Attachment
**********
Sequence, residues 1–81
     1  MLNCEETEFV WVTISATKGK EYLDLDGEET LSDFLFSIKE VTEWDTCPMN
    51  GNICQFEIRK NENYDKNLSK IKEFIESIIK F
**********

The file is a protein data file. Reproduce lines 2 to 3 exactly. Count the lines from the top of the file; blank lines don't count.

     1  MLNCEETEFV WVTISATKGK EYLDLDGEET LSDFLFSIKE VTEWDTCPMN
    51  GNICQFEIRK NENYDKNLSK IKEFIESIIK F